Advertisement

Don't miss the best from America

Sign up for our Newsletter to get the Jesuit perspective on news, faith and culture.

The latest from america

A woman religious casts her ballot May 25 in Dublin as Ireland holds a referendum on its law on abortion. Voters went to the polls May 25 to decide whether to liberalize the country's abortion laws. (CNS photo/Alex Fraser, Reuters)
The repeal of Ireland's Eighth Amendment, which guarantees the right to life of the unborn, is passing by a 2-1 margin with most of the votes counted.
Education Secretary Betsy DeVos testifies at a House Committee on Education and the Workforce, Tuesday, May 22, 2018, on Capitol Hill in Washington. (AP Photo/Jacquelyn Martin)
The Secretary of Education stirred up controversy when she said it was up to schools to decide if an undocumented student should be reported to authorities.
J.D. Long-GarcíaMay 25, 2018
Thousands gathered in Dublin May 12 to say "Love Both" and "Vote No" to abortion on demand. They were protesting abortion on demand in the forthcoming referendum May 25. (CNS photo/John McElroy)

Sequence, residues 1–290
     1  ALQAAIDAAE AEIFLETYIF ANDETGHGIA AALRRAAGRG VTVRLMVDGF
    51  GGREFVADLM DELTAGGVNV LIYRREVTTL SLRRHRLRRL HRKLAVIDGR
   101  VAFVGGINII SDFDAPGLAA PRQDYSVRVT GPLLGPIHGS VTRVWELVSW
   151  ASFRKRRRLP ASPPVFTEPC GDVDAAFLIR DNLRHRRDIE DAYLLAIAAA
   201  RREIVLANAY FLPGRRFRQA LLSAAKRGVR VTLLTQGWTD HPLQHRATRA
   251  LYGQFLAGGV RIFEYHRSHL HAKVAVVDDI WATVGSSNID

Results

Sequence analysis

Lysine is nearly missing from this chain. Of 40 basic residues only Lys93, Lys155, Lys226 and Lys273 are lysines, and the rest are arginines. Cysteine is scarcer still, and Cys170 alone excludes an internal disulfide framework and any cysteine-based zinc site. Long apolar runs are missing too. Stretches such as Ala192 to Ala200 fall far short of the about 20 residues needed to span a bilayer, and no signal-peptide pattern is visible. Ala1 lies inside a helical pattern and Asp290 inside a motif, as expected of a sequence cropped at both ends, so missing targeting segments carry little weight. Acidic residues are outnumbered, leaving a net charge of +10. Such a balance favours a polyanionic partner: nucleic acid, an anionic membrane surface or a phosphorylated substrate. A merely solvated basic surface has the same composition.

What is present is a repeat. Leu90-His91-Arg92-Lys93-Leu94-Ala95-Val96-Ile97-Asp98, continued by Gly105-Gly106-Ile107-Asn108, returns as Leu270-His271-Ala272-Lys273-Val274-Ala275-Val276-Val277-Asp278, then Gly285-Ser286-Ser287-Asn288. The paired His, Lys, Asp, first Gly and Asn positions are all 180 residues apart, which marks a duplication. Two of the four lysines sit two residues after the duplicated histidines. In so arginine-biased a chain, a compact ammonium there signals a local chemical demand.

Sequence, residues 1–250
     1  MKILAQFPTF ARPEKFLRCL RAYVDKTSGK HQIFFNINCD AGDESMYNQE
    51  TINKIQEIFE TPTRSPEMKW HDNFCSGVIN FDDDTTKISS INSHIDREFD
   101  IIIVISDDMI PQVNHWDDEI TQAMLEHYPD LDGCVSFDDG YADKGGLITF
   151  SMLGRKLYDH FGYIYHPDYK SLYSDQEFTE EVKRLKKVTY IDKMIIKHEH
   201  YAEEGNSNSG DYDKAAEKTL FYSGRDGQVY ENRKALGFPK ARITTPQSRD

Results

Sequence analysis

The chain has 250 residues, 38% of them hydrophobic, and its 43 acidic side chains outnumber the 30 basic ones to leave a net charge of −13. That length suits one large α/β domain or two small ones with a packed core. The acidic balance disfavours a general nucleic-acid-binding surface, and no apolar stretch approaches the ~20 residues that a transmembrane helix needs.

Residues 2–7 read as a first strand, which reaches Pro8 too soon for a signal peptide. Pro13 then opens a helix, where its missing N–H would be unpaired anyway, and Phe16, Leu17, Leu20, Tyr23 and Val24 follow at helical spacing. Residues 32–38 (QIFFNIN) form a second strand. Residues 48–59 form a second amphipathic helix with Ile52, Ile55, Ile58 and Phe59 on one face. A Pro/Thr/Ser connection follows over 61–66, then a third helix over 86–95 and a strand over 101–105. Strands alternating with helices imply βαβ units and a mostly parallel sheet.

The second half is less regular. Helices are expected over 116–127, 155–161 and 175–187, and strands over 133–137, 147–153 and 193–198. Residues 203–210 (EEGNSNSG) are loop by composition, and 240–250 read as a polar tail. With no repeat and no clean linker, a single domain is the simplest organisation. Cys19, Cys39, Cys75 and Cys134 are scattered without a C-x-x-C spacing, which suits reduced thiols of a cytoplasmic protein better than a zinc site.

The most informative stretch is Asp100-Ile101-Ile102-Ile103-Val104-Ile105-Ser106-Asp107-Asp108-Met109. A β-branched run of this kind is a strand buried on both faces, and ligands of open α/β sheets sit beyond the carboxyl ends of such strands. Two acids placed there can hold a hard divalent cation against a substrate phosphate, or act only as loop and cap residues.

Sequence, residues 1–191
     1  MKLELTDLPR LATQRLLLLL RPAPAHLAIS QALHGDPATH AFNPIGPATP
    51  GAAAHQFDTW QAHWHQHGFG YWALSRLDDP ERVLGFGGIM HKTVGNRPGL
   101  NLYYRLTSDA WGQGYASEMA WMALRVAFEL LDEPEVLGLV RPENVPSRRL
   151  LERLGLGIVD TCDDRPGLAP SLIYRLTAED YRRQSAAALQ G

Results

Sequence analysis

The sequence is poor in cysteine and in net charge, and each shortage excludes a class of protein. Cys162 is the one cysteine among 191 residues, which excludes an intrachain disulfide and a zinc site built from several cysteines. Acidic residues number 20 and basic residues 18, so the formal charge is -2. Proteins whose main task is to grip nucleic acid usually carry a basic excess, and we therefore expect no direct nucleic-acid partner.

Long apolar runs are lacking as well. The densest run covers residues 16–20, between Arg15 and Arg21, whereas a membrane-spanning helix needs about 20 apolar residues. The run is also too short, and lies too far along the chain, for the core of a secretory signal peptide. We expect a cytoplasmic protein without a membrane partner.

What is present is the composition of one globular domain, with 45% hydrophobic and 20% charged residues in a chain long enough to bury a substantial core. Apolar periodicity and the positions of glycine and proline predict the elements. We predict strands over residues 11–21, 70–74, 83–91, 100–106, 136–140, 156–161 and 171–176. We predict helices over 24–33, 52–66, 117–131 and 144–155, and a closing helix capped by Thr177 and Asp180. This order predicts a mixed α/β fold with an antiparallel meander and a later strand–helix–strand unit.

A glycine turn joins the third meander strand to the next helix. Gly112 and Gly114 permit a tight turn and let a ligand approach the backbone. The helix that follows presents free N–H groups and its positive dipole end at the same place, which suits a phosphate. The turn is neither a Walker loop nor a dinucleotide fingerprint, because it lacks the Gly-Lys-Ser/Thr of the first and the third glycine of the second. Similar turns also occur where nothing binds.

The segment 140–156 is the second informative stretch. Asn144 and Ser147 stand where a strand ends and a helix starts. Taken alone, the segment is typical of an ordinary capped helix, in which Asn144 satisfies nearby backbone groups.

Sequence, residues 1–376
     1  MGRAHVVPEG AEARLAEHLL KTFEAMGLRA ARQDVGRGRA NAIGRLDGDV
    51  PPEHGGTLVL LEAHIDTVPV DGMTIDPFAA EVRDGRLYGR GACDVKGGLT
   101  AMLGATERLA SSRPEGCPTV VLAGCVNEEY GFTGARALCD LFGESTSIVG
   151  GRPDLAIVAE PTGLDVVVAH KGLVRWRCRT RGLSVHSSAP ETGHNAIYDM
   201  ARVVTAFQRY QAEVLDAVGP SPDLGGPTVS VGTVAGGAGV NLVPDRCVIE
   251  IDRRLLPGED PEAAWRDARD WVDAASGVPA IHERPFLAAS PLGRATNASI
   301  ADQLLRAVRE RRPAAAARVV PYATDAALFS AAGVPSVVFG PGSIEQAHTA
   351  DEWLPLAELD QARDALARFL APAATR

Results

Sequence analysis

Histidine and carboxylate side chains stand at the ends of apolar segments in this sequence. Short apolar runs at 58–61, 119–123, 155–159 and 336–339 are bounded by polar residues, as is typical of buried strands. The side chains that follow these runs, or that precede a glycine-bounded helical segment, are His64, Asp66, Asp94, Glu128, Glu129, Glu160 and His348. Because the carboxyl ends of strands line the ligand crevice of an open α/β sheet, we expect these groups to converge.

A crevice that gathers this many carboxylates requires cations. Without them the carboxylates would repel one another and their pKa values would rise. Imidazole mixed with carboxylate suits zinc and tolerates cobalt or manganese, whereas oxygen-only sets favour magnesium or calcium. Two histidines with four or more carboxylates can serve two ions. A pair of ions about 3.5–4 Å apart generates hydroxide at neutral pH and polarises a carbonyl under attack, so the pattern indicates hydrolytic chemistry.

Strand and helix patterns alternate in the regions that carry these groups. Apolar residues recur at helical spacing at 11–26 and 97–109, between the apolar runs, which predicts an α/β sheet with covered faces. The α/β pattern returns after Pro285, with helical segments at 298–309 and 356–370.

“Priests and bishops get verbal abuse by being told, ‘How can you speak for women? You don’t know what it’s like!’”
America StaffMay 25, 2018
The coffin containing the body of St. John XXIII is seen during a ceremony in Vittorio Veneto Square after its arrival in Bergamo, Italy, May 24. The body of the late pope left the Vatican on May 24 to be displayed in his home region until June 10. (CNS photo/Paul Haring)

BERGAMO, Italy (CNS) — Accompanied by Bishop Francesco Beschi of Bergamo and escorted by both Italian and Vatican police officers, the glass coffin containing the body of St. John XXIII left the Vatican early on May 24 for a 370-mile drive to Bergamo.